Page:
Hi. Sorry for the post without the intro. I used to be a member here, but I cannot remember my password for my old username. It's been ages and ages since I've posted here simply because we are so way past the baby/toddler years and I don't find myself thinking about AP as intensely as I used to. I mean, I feel like I'm in my parenting groove and I don't have so many pressing issues to deal with that I haven't already worked out in my head. I have two boys who are now 10 and 8. In the past, we homeschooled so I used to hang out at that forum for the wonderful insight that can be found there.
The reason I'm wandering back here is that, now that my kids have started school, this whole gifted thing has become something that we can't avoid thinking about. With homeschooling, it didn't matter out of the toddler years because, at least for us, there was no reason for comparisons and we just kind of lived our own little eccentric lives. We didn't need the label or to even consider whether we might need the label; it just became a non-issue entirely.
But school has complicated stuff in that the children are measured against each other and there's tracking and stuff. I have never been one to not ramble...sorry! Anyway, our school has a self-contained "gifted" class, but in my mind, it's really just honors, simply because 33% of the 4th grade is in this program. Don't get me going on that one! Anyway, so my kids were both given the COGAT recently because it's required for admission into this "gifted" program. A complicating factor is that my kids now know what "gifted" is and it's like a thing that's on everything's radar...whereas in homeschooling, there was no need to even bring that up.
My 4th grader, who is a highly visual-spatial learner and a day-dreaming guy wasn't unhappy about being excluded from the "gifted" class...something that happened because he enrolled before this COGAT test was given and he basically has to wait until next year. Then, he started going on about how easy math was and how easy school was and I saw that as a big red flag wrt future work ethic. We don't know his scores yet but I'm hoping he gets into this program for next year simply so he can be challenged.
My first grader, OTOH, had spent his homeschooling life being down on himself bc his only point of comparison was his older brother, who he would never catch up with. He had serious self-esteem issues. Then, he started first grade at school, reading chapter books which I didn't realize was unusual and he suddenly developed an awareness that he was very different from his classmates. This year, in second grade, his friends are calling him "Math-Man". He's happy but he's bored and he shocked me by announcing to me one day that he believed he was "gifted", simply based on this natural comparison a kid makes with age-mates. We've gone from worrying about his low self-esteem to worrying he's going to get a big head. Oh, Ok, I really need to get to the point.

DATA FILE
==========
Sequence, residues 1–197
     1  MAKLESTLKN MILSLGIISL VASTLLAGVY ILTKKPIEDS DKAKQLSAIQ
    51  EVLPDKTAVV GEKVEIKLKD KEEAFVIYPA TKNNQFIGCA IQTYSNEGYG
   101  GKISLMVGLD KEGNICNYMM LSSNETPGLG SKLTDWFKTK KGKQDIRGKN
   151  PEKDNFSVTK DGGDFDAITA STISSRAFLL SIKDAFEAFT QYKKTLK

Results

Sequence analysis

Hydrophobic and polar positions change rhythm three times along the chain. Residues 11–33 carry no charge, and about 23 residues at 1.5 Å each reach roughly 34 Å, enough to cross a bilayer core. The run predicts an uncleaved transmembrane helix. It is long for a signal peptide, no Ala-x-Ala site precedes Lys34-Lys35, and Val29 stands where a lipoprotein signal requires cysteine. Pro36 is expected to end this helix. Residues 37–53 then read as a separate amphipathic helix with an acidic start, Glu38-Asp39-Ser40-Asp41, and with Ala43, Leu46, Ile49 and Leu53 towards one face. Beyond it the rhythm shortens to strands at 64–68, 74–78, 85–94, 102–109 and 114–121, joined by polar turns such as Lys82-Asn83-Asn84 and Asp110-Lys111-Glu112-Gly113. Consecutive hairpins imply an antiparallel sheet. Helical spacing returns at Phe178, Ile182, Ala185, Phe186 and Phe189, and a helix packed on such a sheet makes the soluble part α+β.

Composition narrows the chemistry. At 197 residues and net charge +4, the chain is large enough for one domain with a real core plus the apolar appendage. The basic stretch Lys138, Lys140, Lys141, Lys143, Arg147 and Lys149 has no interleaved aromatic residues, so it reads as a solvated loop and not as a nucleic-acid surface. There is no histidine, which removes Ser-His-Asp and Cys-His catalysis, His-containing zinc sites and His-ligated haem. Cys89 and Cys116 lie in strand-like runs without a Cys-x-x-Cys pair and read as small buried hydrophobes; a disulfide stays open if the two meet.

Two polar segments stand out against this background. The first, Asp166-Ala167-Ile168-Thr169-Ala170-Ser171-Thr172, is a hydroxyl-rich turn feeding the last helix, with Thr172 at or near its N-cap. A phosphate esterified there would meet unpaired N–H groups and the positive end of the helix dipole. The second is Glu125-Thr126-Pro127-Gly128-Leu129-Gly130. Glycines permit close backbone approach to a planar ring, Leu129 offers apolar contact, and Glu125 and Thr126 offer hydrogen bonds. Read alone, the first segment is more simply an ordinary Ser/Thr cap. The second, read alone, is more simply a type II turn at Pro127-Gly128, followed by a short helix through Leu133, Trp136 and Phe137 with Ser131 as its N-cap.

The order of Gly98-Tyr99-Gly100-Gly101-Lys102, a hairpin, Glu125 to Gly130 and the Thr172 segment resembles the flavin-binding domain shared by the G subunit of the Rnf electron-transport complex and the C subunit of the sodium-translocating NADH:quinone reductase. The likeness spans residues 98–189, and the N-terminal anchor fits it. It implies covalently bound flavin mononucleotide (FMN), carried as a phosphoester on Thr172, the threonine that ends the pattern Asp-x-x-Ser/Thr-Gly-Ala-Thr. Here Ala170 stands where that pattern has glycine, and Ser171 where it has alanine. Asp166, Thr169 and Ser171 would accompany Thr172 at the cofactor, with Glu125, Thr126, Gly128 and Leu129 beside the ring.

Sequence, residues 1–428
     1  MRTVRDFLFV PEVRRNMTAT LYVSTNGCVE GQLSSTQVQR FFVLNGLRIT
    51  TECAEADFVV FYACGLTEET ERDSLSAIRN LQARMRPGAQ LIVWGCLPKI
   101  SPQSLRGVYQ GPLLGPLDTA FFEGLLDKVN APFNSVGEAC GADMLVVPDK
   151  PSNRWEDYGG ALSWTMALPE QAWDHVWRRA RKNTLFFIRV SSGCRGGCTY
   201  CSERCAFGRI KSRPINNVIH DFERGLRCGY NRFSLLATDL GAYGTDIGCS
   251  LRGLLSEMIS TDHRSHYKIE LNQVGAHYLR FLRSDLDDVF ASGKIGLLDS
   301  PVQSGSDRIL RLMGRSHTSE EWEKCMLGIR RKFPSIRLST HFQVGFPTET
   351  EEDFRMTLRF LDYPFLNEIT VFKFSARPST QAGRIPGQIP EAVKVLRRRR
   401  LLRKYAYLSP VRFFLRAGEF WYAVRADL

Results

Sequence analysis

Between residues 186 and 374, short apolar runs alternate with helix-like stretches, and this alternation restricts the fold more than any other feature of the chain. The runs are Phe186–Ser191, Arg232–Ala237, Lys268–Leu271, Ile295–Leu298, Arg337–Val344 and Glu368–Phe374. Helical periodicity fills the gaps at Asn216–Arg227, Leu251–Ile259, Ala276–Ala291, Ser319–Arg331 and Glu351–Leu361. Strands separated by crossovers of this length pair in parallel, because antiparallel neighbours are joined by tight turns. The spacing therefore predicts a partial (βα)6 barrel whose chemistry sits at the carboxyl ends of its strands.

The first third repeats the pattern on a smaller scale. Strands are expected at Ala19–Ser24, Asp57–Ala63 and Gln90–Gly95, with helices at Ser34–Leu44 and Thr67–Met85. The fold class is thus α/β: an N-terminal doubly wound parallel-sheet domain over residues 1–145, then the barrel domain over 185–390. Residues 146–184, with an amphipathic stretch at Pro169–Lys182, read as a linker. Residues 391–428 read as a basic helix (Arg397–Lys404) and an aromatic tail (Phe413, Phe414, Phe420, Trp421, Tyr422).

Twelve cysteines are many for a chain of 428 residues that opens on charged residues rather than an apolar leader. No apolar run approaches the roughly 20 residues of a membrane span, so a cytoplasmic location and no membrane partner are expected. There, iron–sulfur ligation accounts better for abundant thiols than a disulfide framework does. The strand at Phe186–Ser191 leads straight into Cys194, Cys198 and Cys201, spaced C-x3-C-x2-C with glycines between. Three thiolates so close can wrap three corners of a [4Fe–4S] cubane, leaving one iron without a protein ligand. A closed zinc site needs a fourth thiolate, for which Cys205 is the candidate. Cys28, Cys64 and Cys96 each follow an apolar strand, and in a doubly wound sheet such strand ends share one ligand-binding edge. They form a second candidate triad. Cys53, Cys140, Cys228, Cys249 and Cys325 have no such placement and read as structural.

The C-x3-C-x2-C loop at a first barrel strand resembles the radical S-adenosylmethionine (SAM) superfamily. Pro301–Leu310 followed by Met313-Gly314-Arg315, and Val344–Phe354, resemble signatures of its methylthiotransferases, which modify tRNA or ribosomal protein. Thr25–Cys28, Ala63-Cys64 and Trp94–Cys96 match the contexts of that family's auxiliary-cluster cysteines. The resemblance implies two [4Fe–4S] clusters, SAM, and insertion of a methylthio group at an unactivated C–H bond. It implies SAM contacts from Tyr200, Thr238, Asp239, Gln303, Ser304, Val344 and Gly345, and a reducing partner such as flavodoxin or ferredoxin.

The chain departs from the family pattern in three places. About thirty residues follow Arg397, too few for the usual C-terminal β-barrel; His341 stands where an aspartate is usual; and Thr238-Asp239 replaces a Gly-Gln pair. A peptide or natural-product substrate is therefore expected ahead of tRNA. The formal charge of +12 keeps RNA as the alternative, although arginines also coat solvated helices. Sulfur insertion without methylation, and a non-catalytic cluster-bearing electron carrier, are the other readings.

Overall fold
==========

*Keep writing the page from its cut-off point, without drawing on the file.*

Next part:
So we got the 2nd grader's COGAT scores back yesterday and it's like reading Greek to me. Numbers are not my forte anyway and then there's all this stuff about stanines and other words I've never encountered before. Ok, I am right in believing that the COGAT is NOT an IQ test, right? But it has a composite number that looks, very very much, like an IQ equivalent. Ok, you don't know who I am and no one from my real life would ever see this and figure out who I am, so I'll just give a number. It says his composite score is 138. Is that roughly equivalent to IQ and if so, is that considered highly gifted? And if that IS the case, then haven't the numbers shifted by 10 points from when we were kids. I vaguely remember reading somewhere once that an "old school" score of 130, for example, would be listed as "120" today.
What also confuses me is that his non-verbal reasoning is much higher than the verbal and quantitative scores. A quick Internet search indicates that non-verbal reasoning has to do with patterns. One website I found said it measured reasoning with novel material, in which learned/acquired knowledge was irrelevant. So if that's the case, then does that mean that the verbal and quantitative sections are influenced by learned material? So two kids with identical raw intelligence have two different school systems and environments, in which one kid has been taught significantly more than the other...that affects it? Basically, can I look at non-verbal reasoning as the most true measure of his reasoning skills or is that more to do with visual-spatial specific skills. For verbal and quant., he was only 94%tile but he scored 99%tile on non-verbal. I'm trying to wrap my head around all of this and understand it.
I told myself that all I cared about was him getting in this program, simply because I know he is bored most of the time. The highlight of his week is computer lab, in which they use a self-paced program that allows him to do whatever math he is capable of doing...it looks at their answers and adjusts the questions it tosses out to the kids, to try to match the kid up with the personally appropriate material. He complains about thing like, "We had to learn about onomonopeia *again* even though we already learned it in first grade!" and I just don't know what to think about him. My biggest concern is that he might tune out at some point.
Anyway, so all I care about is that my kids are challenged, but darnit, I cannot stop thinking about those stupid numbers simply because I do not totally understand what it all means. I've done a lot of web searching and I end up being more confused than I was to even begin with. I was hoping that someone here might help me get to a better place of understanding. Thank you if you made it this far!!